First, apologies for the chart. Have no idea why it didn't show; but, the problem has been solved. Apologies again.

        Second, it's difficult to know where to start with your post. the chart doesn't justify the creation of "phoney money", whatever that means, but it intend to — and succeed in — highlighting the fallacy of the anti-QE hysteria. If QE has flooded the country with soon-to-be-inflationary money, then why has seasonally adjusted M3 money growth plummeted to a ten year low? Why is M4 growth at its low as records began?

        Then, you talk about Brown and Co "needing" QE, conveniently forgetting that the Bank of England and MPC is INDEPENDENT.

        But, as a coup de gras, the comparison between the GBP-DM exchange rate in the 60s, during which time the FDR was an emerging economy, riding high on the Economic Miracle, to the GBP-EUR exchange rate today is a stunning conflation of two separate issues, that, even if they were connected, are not even an apples to apples comparison.

        • Stuart Fairney
          Posted February 8, 2010 at 6:37 pm | Permalink

          I can't see the chart either, could you take another look?

        • Mike Stallard
          Posted February 8, 2010 at 7:11 pm | Permalink

          Do know what?
          I have long since ceased to believe any government figures and, to be quite honest, I work on the 1984 principle now almost entirely.
          Bank of England and MPC are indeed independent – but of what exactly? Last time I looked, there were quite a lot of shall we say left leaning figures there as well as banking people.
          Wouldn't you agree that if you print loads and loads of money and have a rapidly growing deficit, that sooner or later you are going to get inflation?
          The people with money to invest are going to weight all this up before they place their bets. And as far as I can see they are the people to watch, not government figures.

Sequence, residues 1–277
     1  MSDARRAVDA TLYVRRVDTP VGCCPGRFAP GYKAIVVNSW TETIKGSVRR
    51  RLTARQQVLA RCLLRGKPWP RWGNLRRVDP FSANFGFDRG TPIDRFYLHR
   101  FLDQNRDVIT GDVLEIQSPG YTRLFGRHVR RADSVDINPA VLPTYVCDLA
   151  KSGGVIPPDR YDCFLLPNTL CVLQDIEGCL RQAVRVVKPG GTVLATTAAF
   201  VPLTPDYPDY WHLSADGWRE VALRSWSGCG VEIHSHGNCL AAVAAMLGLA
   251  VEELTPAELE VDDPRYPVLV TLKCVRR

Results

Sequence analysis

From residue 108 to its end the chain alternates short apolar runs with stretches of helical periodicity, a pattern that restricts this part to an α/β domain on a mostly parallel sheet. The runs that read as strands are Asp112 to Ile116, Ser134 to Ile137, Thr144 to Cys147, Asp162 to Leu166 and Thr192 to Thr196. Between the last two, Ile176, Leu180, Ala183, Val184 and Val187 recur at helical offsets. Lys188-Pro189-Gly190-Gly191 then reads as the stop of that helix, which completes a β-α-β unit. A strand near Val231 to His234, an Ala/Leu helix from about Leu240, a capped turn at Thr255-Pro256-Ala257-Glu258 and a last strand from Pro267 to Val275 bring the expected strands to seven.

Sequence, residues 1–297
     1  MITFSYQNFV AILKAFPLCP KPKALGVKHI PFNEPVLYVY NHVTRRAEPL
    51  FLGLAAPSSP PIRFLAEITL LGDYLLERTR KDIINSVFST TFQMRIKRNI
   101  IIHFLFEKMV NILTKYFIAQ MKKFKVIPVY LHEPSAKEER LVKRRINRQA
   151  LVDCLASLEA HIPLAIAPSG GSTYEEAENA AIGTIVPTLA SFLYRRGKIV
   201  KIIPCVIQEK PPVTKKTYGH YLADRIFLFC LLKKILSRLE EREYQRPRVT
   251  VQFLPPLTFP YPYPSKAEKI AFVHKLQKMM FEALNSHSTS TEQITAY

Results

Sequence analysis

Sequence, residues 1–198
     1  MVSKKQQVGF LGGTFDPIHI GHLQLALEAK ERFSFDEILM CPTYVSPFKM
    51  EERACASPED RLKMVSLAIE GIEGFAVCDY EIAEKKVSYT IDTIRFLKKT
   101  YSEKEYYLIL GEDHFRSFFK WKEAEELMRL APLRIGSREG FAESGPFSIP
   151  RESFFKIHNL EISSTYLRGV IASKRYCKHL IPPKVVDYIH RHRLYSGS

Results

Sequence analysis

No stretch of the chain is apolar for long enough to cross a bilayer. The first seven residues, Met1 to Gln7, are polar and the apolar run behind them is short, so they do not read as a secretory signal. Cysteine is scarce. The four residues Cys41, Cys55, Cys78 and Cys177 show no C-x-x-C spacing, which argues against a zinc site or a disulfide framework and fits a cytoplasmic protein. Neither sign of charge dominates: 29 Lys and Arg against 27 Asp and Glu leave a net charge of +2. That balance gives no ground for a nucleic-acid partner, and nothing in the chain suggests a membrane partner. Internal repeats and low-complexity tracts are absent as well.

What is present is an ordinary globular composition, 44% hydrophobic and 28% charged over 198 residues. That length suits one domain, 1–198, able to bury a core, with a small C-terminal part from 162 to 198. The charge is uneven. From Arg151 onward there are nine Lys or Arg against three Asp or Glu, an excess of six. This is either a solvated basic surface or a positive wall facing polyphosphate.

• The Parallax Brief
          Posted February 10, 2010 at 6:21 pm | Permalink

          Chaps, apologies for the wait.

          The chart certainly works now. After speaking to our Webmaster, the problem was related to the switch to a new server and adding a new URL to the blog so another could be accommodated.

          Again, apologies.

    • Sally C.
      Posted February 8, 2010 at 7:36 pm | Permalink

      JR recently cited M4 as having increased from from £1,212 billion (£1.2tn) in 2004/5 to £2,100bn (£2.1 tn) in 2009. That is a 12% compound rate of growth over a five year period. Your comment was very confusing so I went to the B of E's own statistics on M4. If you look at the Bank's Monetary and Financial Statistics report published in January 2010 you will find a table setting our the monthly annualised growth figures for M4 from December 2007. The figures are as follows: Dec 2007 M4 grew at a 12.7% annualised (seasonally adjusted) rate; in Jan 2008 it grew 13.3% (annualised and seasonally adjusted); Feb 2008 12.3% ;March 2008 12%; April 11.4%; May 10.5%; June 12%; July 11.5%; August 11.5%; September 12.2%; October 15.3%; November 16.4%; December 2008 M4 grew at 16.5%; Jan 2009 M4 grew at 17.6%, Feb 2009 M4 grew at a staggering 18.8%; March 18%; April 17.2%;May 16.5%; June 13.6%; July 14.2%; August 12.3%; September 11.5%; October 10.7%; November 9.2%; December 2009 M4 grew at a reasonable 6.4% annualised and seasonally adjusted. Historically, M4 only grew at 4, 5 or 6 % so these double digit increases are not the norm and would be considered inflationary by Monetarists and Austrians.